Dog chef

My wife, Natalie, and I try to share fairly between us the various chores and activities that come with managing the household. I’m responsible for building maintenance, cars, dog stuff, utilities, bins/recycling, insurance and such like. I also, lest it be said that I just do the ‘man’ stuff, have responsibility for the cleaning, the ironing and the purchasing of ‘storecupboard’ items from the local plastic-free shop.

Natalie, meanwhile, oversees the laundry, the regular food shopping and the organisation of the weekly food plan. We share the cooking between us, depending on (a) our daily schedules and (b) how much of it can be done in the microwave. But we realised the other day that one of my primary roles has hitherto gone sorely unrecognised.

This came to light when Natalie pointed out, in a semi-heated discussion on the matter, that if it wasn’t for her efforts in planning and procuring food, the entire family would quite possibly starve. Or, at the very least, have to get by on crunchy nut corn flakes and peanut butter sandwiches*.

I replied that this was only partially correct, because Molly and Ozzy (our two working Labradors) would, thanks to my efforts in procuring and preparing their food, continue to do rather well from a nutritional perspective.

Natalie was forced to concur. And so, to my official roster of roles and responsibilites has been added another: Dog chef.

If this makes it sound like I might take the feeding of our dogs rather seriously, then I’d be hard-pressed to put forward a counter-argument. Both the dogs – even Molly, who’s now twelve – are extremely active and very hard-working. And so it’s important to me that I feed them a healthy, balanced and nutritious diet.

I also, quite possibly, pay more attention to their nutrition than I do to my own.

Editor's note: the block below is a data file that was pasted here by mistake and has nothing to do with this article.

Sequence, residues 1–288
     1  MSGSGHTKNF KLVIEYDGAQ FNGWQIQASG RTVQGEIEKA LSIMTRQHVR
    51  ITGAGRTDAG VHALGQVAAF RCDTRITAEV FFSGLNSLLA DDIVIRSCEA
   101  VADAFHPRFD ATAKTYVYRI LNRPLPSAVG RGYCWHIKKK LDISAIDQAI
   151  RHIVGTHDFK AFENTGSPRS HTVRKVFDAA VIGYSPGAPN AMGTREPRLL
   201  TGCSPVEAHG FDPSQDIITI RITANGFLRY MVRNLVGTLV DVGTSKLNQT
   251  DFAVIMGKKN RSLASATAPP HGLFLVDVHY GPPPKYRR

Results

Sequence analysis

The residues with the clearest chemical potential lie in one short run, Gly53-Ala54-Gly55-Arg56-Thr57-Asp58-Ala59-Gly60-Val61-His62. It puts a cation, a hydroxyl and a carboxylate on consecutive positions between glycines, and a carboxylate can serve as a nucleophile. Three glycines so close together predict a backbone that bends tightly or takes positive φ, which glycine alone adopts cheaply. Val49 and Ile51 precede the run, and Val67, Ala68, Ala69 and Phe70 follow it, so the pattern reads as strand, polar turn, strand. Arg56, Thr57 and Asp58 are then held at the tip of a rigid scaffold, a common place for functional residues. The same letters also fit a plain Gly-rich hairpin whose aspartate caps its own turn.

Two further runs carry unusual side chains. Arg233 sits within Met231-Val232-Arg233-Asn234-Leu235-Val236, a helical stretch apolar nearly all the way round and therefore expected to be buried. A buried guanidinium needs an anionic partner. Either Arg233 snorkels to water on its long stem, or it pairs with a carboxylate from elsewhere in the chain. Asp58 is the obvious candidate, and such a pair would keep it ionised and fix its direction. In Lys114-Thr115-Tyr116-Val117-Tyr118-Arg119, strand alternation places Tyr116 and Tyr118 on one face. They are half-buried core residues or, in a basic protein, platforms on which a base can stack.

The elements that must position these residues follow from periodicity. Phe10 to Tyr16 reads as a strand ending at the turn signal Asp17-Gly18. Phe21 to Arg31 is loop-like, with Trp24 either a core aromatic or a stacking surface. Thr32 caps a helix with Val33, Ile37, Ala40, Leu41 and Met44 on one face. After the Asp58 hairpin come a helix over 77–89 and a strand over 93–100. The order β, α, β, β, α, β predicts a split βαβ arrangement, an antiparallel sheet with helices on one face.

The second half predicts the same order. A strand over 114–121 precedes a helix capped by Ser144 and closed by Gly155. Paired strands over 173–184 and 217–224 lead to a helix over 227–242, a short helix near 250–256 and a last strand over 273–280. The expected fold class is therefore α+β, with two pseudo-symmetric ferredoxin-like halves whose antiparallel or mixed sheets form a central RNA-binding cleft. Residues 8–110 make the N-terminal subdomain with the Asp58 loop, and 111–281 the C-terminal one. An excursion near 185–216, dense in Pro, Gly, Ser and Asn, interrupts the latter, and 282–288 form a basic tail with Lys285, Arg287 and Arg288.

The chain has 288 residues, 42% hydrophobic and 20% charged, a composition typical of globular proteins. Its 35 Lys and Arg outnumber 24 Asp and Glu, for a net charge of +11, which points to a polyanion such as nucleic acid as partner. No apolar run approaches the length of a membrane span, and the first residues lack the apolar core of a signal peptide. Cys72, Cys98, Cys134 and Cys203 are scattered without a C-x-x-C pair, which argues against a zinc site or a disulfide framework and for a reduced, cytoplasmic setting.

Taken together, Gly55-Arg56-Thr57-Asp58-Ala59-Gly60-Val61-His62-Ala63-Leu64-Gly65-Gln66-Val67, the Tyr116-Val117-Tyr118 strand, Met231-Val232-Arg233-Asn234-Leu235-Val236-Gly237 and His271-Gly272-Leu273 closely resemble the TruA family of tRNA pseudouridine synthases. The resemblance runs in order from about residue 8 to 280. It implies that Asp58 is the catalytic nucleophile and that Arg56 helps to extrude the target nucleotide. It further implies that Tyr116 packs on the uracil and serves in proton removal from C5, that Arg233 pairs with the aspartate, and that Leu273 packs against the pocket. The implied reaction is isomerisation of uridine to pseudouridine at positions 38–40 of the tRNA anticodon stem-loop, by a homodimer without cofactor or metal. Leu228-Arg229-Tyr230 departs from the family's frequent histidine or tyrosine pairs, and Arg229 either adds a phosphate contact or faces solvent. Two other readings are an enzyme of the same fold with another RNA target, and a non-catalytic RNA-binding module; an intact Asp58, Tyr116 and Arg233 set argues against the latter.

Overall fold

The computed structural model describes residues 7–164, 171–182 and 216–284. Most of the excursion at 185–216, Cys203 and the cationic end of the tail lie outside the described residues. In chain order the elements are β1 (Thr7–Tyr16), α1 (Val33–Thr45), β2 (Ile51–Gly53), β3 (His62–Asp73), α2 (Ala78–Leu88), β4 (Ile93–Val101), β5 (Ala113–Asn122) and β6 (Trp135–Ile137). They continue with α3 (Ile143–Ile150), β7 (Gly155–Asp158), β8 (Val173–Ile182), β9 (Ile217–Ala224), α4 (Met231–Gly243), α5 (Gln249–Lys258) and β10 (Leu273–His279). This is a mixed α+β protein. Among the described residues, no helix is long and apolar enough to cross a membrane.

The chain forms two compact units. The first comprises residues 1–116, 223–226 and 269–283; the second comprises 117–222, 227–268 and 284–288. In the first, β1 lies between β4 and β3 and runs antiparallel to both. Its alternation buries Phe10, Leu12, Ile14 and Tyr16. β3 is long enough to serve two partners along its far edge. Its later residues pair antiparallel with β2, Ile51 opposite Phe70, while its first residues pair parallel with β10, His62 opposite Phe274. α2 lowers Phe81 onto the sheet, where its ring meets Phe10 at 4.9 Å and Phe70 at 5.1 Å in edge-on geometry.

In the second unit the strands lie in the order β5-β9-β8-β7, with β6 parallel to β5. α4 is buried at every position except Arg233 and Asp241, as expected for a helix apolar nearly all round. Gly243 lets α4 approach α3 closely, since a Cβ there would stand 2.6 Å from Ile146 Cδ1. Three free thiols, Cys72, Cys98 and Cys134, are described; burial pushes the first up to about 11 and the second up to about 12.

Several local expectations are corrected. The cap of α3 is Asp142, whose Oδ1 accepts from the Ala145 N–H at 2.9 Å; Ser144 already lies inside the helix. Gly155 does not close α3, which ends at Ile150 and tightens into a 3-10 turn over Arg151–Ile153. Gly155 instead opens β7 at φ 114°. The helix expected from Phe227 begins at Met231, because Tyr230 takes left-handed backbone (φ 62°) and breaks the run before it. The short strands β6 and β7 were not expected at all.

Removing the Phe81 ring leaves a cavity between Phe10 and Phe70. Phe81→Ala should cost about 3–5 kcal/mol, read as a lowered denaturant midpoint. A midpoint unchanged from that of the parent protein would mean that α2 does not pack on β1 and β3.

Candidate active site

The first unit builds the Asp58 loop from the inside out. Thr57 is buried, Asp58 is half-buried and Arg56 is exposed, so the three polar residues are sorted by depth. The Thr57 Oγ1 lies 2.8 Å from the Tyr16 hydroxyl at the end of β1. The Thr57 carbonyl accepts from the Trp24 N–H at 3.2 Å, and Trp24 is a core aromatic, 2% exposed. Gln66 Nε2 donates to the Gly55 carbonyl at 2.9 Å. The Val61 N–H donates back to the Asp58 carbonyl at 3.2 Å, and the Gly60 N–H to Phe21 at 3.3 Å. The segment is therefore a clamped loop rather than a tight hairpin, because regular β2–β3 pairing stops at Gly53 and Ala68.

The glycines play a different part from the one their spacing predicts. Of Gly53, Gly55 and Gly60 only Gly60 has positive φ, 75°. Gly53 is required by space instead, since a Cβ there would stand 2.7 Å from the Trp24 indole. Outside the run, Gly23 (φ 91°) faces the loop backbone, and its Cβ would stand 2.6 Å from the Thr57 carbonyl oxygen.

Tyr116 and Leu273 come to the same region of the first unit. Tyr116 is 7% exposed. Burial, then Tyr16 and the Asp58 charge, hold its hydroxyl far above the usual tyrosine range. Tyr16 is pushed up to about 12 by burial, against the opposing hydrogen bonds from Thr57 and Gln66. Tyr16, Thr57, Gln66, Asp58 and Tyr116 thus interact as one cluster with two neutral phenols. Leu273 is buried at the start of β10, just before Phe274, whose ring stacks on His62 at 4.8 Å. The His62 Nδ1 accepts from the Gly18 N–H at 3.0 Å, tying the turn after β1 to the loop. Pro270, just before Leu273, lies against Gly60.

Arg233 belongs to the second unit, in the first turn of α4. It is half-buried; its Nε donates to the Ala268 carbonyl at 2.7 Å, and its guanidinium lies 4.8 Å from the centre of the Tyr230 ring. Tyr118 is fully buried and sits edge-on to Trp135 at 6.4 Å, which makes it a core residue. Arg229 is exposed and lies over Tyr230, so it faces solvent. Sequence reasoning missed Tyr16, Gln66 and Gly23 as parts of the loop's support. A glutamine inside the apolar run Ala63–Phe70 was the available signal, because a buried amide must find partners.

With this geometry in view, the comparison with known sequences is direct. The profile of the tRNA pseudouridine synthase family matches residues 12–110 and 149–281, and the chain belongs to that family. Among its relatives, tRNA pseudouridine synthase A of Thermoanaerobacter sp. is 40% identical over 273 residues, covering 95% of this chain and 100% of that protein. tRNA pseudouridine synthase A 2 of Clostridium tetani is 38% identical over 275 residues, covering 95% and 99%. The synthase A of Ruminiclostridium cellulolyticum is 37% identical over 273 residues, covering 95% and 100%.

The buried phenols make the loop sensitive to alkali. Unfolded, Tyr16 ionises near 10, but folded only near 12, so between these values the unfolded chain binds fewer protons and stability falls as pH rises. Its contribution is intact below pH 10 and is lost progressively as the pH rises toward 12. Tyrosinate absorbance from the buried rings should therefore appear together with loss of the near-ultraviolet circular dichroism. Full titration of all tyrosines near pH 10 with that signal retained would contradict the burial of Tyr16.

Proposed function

They have a baseline diet of wet food and kibble from a British producer that I’ve researched carefully and trust to do the right thing. This is, obviously, all carefully weighed out each morning in line with each dog’s calorific needs.

I also weigh the dogs regularly. This involves weighing myself on the bathroom scales, picking up a dog, weighing both of us and then doing some maths. The dogs, perhaps unsurprisingly, don’t like this very much. They much prefer using the special large dog scales at the vets, primarily because they normally get a biscuit afterwards.

I supplement the dogs’ meat-and-kibble diet a couple of times a week with things like eggs, chicken or sardines. Mostly on the days when they’ve been particulary active, for example if Ozzy and I have been for a long run. They also get the odd bit of raw fruit or vegetable. Or, their favourite, a frozen carrot.

I did once try making my own dog biscuits, but even I found this a bit of a faff.

But I will admit quite happily that I take feeding the dogs rather seriously. And I’m proud that they’re both trim, happy, healthy and in good condition.

And so that’s me: Simon Perks, dog chef.

* I now know better than to argue that this doesn’t actually sound too bad.

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